Towards the end of last year, a coaching colleague made me aware of a British website called “New Interval Training”, a non-profit site that shares insights into what they call Lactate Dynamics and New Interval Training methods. “New Interval Training” differentiates itself from what it calls “Old Interval Training” by the use of “roll-on recoveries” meaning that you run the recoveries between hard interval repetitions rather than having a complete rest.
At this point, I must disappoint the reader because while the website “New Interval Training” offers some very up-to-date information about the science behind such intervals and useful specific instructions on how to ease in and out of the “roll-on recoveries”, the concept itself is not new but has seen widespread use over the last six decades.
“There’s nothing new under the sun” – Eclesiastes
My first thought upon reading the description of “New Intervals” was: “this is what we have been doing all along!” My runners had been uneasy at first when I had asked them to do workouts such as 400m repeat with 400m “floats” (the term I tend to prefer for active recoveries). Most of my runners had been weaned into interval training on the track and told to stand still and recover their breaths before commencing the next interval and indeed this was my first introduction to intervals too.
But this was never how Lydiard advocated intervals; he would point out over-relying on that type of interval training often led runners to become conditioned to “expect breaks” in the middle of races, fatal lapses in pace that his own athletes, trained on longer, more consistent efforts, could exploit. I discussed Lydiard intervals in detail in a previous article on my blog early last year but in typical succinct style this is how Arthur Lydiard summarised interval training (which he called repetitions) in his 1962 book “Run to the Top”:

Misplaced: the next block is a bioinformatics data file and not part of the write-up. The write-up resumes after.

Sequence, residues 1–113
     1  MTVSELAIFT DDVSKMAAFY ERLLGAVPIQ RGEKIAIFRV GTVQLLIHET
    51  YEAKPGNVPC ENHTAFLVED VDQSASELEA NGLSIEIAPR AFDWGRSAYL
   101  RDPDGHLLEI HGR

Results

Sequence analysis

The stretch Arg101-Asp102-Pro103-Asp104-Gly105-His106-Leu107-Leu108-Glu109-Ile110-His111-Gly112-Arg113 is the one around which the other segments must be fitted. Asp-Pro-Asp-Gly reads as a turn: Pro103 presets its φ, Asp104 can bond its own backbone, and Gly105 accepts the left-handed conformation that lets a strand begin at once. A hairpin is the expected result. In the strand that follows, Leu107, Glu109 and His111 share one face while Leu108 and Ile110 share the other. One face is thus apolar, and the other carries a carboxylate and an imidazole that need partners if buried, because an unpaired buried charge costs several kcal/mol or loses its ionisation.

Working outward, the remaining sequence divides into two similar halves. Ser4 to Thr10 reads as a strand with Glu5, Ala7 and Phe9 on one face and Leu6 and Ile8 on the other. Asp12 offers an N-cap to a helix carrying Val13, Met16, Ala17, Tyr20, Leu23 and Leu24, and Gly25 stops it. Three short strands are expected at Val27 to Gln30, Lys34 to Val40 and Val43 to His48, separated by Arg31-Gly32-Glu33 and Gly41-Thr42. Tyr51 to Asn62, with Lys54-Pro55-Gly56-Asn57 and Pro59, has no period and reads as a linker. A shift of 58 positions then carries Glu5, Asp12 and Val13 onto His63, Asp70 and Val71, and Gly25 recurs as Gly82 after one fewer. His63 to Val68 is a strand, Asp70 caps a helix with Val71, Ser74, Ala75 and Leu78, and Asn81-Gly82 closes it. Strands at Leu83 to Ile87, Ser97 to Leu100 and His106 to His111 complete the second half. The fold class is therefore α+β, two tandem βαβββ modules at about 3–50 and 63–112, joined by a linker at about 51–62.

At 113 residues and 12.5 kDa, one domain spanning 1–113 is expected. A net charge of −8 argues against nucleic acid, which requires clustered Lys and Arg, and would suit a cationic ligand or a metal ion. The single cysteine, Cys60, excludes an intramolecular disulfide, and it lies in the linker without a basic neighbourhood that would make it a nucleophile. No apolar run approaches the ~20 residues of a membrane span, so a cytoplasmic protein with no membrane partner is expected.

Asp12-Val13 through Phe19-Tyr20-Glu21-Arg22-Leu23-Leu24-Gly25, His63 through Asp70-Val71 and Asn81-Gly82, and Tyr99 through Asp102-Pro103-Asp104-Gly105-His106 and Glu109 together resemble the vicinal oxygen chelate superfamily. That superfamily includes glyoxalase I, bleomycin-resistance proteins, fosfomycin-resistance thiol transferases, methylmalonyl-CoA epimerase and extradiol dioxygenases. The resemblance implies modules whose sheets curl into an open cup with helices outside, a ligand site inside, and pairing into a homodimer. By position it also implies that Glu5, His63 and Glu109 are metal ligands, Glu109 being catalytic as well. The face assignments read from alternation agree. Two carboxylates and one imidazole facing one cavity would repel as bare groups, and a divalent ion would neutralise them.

- Repetitions: for anaerobic capacity development. Run one and jog one.
The Lydiard Foundation, wisely, decided to expand somewhat on these instructions based on the experiences of actual Lydiard athletes, training with the old master in the 50s and 60s, and the Foundation adopted as their standard approach a jog or walk recovery of equal length to the faster repetition or lasting until the athlete’s heart rate returns to between 120-130bpm. Keith Livingstone, author of “Healthy Intelligent Training”, was one athlete influenced directly by Lydiard, and I asked him his opinion on whether the “New Interval Training” constitutes a truly a new concept or if they were essentially the type of training done all along by athletes in the Lydiard system. This was his response:
“We always did them (ed: “running recoveries”), and the Aussie guys always did “floats” at 6-minute mile pace in their weekly 8 x 400 sessions. When Mal Norwood and I were doing our VO2 max sessions in 1984-5, we jogged our recoveries quite briskly. I’d say that Woldemar Gerschler is the true father of intervals as we know them. He’d start people jogging into the next interval as soon as their pulse got down to 120. Harbig ran 1:46.6 in 1939 off a mixture of intervals and super-slow “recovery” runs of up to 90 minutes in the forest, under Gerschler…I can remember doing 20 x 400 @ 64-5s (3000m pace for me) to start a season, but with 400 jog. That was a good long solid slog, with 8000m cumulative at 3000m pace, but the longer recoveries at 90s/lap made it quite ‘do-able’.”
New interval training – should you get excited?